Offshore trusts—taxation of underlying companies
Offshore trusts—taxation of underlying companies

The following Private Client guidance note provides comprehensive and up to date legal information covering:

  • Offshore trusts—taxation of underlying companies
  • Non-tax reasons for using a holding company
  • Annual Tax on Enveloped Dwellings
  • Inheritance tax
  • Attribution of income
  • Attribution of gains
  • Capital payments and benefits
  • Benefits in kind
  • Residence
  • Trustee borrowing
  • more

This Practice Note briefly summarises the advantages and disadvantage of trustees using a company to hold investment assets, rather than directly, and covers the position of both UK resident and domiciled individuals and UK resident, non-domiciled individuals.

Non-tax reasons for using a holding company

While trusts can hold assets directly, it is common for trustees to establish an underlying holding company for this purpose. There are various non-tax reasons why a holding company is preferable to direct ownership, such as:

  1. liability protection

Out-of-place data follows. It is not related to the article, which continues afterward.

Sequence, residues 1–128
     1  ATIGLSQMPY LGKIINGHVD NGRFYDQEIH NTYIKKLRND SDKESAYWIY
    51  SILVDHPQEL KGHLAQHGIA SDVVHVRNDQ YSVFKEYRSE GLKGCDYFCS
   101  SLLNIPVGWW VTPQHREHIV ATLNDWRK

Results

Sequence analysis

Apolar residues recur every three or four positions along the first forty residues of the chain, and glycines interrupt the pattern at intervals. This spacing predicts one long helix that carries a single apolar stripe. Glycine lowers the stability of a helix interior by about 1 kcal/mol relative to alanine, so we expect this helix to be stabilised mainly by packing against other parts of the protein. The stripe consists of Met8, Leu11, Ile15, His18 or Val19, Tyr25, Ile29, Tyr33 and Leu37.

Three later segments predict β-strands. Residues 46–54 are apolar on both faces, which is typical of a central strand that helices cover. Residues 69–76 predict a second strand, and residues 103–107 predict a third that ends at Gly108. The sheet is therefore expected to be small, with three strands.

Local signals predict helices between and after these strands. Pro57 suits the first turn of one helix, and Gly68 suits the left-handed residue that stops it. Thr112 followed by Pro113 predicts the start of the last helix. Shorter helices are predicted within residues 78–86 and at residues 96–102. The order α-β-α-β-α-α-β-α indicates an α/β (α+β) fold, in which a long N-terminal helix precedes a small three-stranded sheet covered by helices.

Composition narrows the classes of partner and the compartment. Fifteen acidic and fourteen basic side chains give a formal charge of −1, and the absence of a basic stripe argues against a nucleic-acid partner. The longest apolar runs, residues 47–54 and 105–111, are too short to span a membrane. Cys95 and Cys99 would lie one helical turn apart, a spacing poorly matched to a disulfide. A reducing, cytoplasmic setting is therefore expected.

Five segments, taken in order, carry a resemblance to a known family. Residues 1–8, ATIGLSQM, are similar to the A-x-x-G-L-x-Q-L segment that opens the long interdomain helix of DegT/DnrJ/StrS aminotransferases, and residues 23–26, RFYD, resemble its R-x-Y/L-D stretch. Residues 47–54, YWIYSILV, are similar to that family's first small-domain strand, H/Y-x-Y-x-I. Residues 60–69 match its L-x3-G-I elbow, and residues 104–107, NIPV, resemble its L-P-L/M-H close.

2. pooling of specific types of investment, and

  3. exit strategies for disposal

However, as noted below, it is possible for double taxation to arise on the same income or gain.

Annual Tax on Enveloped Dwellings

Using an underlying company to hold UK residential property with a value of more than £500,000 could also be unattractive due to additional tax charges imposed on foreign companies purchasing and holding such properties following the introduction of the Annual Tax on Enveloped Dwellings (ATED) and the capital gains tax (CGT) charge on ATED-related gains. See Practice Notes: UK home ownership structures for non-UK domiciliaries—outline and Capital gains tax charge on ATED-related gains [Archived].

With effect from 6 April 2019, the ATED-related CGT charge is abolished. From this date, most companies, whether UK or foreign, pay corporation tax on chargeable gains arising from immovable property.